It was not going to be enough, he concluded, even after a second hit
"Come left, course 290."
It would have to be up to the bow gunners, after all.
---- 10:21 AM, launch (Moltke)
"Achtzehn," LT Lionel called over to the Master of Arms petty
officer, "three with wounds."
Two rafts now lay alongside the battlecruiser. Where they had come from,
Lionel was unsure, but one was being used as a receiving point. Its pitching
deck was dark with huddled forms. A stretcher with one figure was being
hoisted up to the deck above. Others could be seen making their way up
a ladder. Trails of smoke, not all from her stacks, threaded into the
"Eighteen, aye, aye, sir."
Captain Theargus tore his gaze from that raft, the few score of men visible
were a tiny fraction of the British crews, and over to the other. On the
second raft, German sailors were intently examining something, presumably
the Allied handiwork. He coughed, drew breath in hard through his nose,
then spat over the side, the red sputum lost in the waves. The numbness
was leaving his arm, and the pain was growing. At least the urge to cough
seemed to be ebbing.
"Looking a bit worse for wear, isn't she?" Theargus commented
loudly, more for his men than for anything else. There was little response.
Losing one's ship is like losing one's right arm. Theargus had lost one
and broke the other, and might well have preferred it the other way around.
He knew despair to be a grievous, potentially mortal wound all its own,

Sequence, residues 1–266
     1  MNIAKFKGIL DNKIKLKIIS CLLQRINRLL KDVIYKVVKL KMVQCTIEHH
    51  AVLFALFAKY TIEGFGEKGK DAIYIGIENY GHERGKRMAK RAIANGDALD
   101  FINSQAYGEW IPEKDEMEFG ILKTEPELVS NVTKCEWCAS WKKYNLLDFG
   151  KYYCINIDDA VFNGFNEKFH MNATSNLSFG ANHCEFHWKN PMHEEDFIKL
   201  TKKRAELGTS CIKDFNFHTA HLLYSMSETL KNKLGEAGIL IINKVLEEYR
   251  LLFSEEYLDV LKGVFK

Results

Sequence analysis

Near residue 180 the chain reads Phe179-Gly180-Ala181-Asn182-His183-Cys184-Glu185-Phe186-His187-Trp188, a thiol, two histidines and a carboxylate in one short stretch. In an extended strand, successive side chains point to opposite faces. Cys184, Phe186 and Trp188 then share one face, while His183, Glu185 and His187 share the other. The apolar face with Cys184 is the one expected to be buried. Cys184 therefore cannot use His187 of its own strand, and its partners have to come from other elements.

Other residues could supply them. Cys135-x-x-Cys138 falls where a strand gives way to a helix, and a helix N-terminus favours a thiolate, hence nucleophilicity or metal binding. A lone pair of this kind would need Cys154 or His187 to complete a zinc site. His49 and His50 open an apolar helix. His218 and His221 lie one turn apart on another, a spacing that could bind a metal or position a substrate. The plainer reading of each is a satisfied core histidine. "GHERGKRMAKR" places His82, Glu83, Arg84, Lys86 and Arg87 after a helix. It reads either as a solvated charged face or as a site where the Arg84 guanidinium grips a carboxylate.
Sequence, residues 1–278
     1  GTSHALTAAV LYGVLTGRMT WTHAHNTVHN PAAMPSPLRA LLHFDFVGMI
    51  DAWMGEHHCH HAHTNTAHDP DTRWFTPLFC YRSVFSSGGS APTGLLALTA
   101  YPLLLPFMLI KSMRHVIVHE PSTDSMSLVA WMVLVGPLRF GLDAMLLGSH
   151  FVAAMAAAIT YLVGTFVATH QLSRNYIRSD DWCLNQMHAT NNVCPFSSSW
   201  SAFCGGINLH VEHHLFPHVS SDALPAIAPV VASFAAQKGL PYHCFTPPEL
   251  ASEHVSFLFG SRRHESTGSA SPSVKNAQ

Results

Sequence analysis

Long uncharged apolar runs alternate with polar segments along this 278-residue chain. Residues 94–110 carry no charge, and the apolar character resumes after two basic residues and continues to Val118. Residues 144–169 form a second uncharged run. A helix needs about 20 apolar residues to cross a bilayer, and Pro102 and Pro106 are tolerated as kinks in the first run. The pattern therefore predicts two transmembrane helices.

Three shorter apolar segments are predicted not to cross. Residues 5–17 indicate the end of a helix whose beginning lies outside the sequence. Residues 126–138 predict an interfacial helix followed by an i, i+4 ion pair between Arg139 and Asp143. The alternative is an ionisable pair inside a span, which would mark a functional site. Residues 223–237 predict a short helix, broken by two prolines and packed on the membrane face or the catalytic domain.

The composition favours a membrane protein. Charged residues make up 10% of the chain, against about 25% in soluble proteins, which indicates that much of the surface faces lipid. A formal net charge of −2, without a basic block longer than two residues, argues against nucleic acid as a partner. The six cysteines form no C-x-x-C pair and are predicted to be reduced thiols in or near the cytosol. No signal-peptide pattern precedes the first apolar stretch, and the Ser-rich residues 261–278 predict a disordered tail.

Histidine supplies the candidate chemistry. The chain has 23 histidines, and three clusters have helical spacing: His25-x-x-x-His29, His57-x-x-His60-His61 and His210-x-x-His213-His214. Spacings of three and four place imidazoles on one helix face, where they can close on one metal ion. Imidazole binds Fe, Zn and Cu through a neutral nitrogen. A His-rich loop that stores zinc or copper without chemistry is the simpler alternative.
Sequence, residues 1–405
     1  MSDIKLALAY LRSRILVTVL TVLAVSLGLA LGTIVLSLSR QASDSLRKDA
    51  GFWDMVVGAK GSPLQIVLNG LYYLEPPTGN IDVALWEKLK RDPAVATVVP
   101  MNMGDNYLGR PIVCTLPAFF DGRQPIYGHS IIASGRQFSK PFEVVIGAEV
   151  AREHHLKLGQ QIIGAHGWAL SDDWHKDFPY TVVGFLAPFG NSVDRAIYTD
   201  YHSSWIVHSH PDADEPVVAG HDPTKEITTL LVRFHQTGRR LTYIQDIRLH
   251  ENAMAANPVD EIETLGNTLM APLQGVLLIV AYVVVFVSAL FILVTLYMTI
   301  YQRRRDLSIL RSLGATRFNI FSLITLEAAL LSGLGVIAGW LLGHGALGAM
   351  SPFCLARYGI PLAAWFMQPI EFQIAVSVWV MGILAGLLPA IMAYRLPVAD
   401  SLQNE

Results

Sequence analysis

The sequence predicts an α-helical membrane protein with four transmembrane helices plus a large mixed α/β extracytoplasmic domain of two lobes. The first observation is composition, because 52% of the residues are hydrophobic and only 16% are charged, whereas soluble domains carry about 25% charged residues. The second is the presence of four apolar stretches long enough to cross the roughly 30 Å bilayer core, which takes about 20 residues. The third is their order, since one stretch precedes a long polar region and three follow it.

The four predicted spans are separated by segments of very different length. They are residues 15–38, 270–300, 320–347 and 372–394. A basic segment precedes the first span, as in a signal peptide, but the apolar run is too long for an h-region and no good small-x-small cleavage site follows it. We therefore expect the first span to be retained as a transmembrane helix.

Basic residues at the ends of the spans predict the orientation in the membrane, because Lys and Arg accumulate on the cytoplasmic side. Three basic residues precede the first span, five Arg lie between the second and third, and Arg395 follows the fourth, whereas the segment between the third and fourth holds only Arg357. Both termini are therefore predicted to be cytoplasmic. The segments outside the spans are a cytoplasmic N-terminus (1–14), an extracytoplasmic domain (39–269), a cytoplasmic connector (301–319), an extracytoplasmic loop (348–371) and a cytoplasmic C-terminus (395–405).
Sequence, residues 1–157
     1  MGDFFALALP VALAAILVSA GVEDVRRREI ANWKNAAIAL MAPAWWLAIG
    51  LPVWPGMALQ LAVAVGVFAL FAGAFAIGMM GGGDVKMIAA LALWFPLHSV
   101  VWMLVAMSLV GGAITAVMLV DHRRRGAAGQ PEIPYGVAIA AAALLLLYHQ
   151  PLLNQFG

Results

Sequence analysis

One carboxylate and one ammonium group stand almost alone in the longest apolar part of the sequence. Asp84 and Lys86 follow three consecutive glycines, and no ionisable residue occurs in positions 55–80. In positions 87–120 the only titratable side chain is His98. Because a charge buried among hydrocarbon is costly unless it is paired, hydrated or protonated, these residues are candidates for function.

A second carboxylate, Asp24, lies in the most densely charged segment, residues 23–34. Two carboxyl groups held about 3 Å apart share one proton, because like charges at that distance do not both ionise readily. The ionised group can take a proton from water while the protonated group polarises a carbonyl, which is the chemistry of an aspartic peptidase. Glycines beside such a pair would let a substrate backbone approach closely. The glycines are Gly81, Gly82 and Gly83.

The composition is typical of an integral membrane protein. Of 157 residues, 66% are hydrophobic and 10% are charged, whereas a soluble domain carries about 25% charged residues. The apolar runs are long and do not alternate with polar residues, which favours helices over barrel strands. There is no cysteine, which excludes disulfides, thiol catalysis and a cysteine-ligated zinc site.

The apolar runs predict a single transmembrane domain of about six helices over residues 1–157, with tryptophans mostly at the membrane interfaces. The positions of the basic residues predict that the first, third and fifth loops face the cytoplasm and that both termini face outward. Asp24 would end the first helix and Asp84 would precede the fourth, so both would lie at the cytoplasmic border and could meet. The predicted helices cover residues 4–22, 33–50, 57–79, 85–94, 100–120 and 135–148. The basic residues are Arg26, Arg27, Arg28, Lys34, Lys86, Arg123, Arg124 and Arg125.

and the Aussie officer marked it in all those he saw. It had all happened
too fast, he realized. Losing a desperate battle was one thing, but they
had expected victory, had been expecting it for days, and an easy one
at that as part of an overwhelming force. The overwhelming force, however,
turned out not to have been theirs. And it had all come apart in just
minutes. Those below decks had never learned how the roles had reversed,
Meanwhile, Lionel had flushed, not knowing his game.
"Yes, your ships died well," he replied in a cold fury, after
a moment of mental translation. "Every one of them."
"There be worse epitaphs than that," the Aussie muttered, his
face greying as he tried to step out of the boat.
"Better to live," said Lionel, as he handed the other over
to the men on the raft.
---- 10:22 AM, bridge of Kolberg, course 260, speed 16 knots
LCDR Dahm had altered course shortly after the hour. Salamis,
3,000 yards astern, had promptly done the same. He'd been confident then
and had even less doubt now.
"Trust the Kommodore," Dahm thought, "and Hanzik, to post
signs for us."
"Signals, inform the Admiral that we have them in sight. Give our
course and speed. Rendezvous estimate - 90 minutes."
Dahm could not see what was at the bases of the tall black towers now
dead ahead on the horizon. Whatever they were, he hoped they weren't German.
He knew he was assuming that Hanzik's force, some of them, at least, had
remained near the plumes. It seemed safe enough.
"Ah, First Lieutenant Diele," Dahm said, as the other officer
stepped near. The very young Acting-CO was gratified to see that the even-younger